The Man Booker International Prize 2016

Bookish Stuff / Thursday, March 10th, 2016

Man Booker International PrizeThe Man Booker International Prize 2016 longlist was announced earlier today.  The list is comprised of some very impressive and appealing titles.  It won’t be easy for the judges to choose the shortlist.  I’m thrilled to see a little bit of #ReadSoulLit on the list with Marie NDiyae and Fiston Mwanza Mujila.  Both of their books are on my TBR for 2016 so that works out perfectly. I’ll be bumping them up my tremendously long TBR list (2016).  The £50,000 prize will be divided between the winning author and translator.   Each shortlisted author and translator will be awarded £1,000.  The shortlist will be announced 14 April and the winners will be announced 16 May at a dinner at the V&A in London.  So let’s check out the list of the thirteen nominees:

A General Theory of Oblivion -José Eduardo Agualusa (Angola) Daniel Hahn,  (Harvill Secker)

The Story of the Lost Child – Elena Ferrante (Italy) Ann Goldstein,  (Europa Editions)

The Vegetarian  – Han Kang (South Korea) Deborah Smith, (Portobello Books)

Mend the Living – Maylis de Kerangal (France) Jessica Moore,  (Maclehose Press)

Man Tiger – Eka Kurniawan (Indonesia) Labodalih Sembiring,  (Verso Books)

The Four Books – Yan Lianke (China) Carlos Rojas,  (Chatto & Windus)

Tram 83  – Fiston Mwanza Mujila (Democratic Republic of Congo/Austria) Roland Glasser, (Jacaranda)

A Cup of Rage – Raduan Nassar (Brazil) Stefan Tobler,  (Penguin Modern Classics)

Ladivine – Marie NDiaye (France) Jordan Stump,  (Maclehose Press)

Death by Water – Kenzaburō Ōe (Japan) Deborah Boliner Boem,  (Atlantic Books)

White Hunger – Aki Ollikainen (Finland) Emily Jeremiah & Fleur Jeremiah,  (Peirene Press)

A Strangeness in My Mind – Orhan Pamuk (Turkey) Ekin Oklap,  (Faber & Faber)

A Whole Life  – Robert Seethaler (Austria) Charlotte Collins, (Picador)

So do you keep up with the Man Booker International Prize? Or just the Man Booker?  Do you think we as readers give too much attention to literary awards? Which literary awards do you enjoy keeping up with?

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13 Replies to “The Man Booker International Prize 2016”

  1. I like to follow along with most of the literary prizes, just for fun. I rarely get a chance to read all the books (or even close), but I still like to know about them.

  2. I prefer the Man Booker International and love the look of the list this year, I’ve read two, the Elena Ferrante and White Hunger by Aki Ollikainen and though I haven’t read The Vegetarian I did read Han Kang’s more recent book Human Acts which was amazing.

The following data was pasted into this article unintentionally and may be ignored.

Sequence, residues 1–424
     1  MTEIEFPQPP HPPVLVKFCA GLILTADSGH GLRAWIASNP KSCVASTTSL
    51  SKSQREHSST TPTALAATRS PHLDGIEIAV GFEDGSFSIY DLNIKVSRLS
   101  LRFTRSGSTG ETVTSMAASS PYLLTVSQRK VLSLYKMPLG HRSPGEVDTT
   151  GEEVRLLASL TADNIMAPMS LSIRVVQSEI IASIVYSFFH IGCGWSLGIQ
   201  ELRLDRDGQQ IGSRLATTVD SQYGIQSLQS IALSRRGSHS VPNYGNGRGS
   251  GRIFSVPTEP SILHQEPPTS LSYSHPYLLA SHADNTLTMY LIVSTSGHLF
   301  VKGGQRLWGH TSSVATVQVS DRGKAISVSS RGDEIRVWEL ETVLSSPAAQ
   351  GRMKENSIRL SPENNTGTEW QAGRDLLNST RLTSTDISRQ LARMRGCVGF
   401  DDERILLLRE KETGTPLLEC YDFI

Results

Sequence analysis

1. Well I’m late for the Ferrante bandwagon, but I have all 4 books lined up to start in May. I’ve heard suite a few people raving about The Vegetarian but I’m not sure it’s my cup of tea. However, I do agree with you that I prefer the international prize, more diverse and interesting. There are some very interesting titles on the list this year.

  3. The IFFP use to be my favourite literary prize, but that merged with the new Man Boooker International Prize. I was hoping it would be a good representation of translated fiction and it didn’t disappoint. I’m very happy with the longlist (even if it lacked some Russian lit) and would love to read all the books but availability of the books makes it difficult, plus so many other books to read. Thank you for talking about books in translation 🙂

  4. I’ve read only one of these – white Hunger – which was excellent – and have two more ready to read. Until now I’ve been following the main Booker list but the changes in the rules for that prize mean there is more diversity in the international prize so in the future I’ll pay more attention to that.

    1. Agreed! I still look at both but I seem to be more drawn to the International list. However, last year’s Man Booker List was very interesting though. We’ll see for this year….

  5. I tend to follow the MBI a bit more closely – but I still haven’t gotten round to reading any of these yet! But I really can’t wait to dive in once I have a moment.

    1. Me too, but I have to square away my reading for this month first. There are also quite a few I’d like to read from the Baileys Women’s Prize longlist though. Too many prizes….

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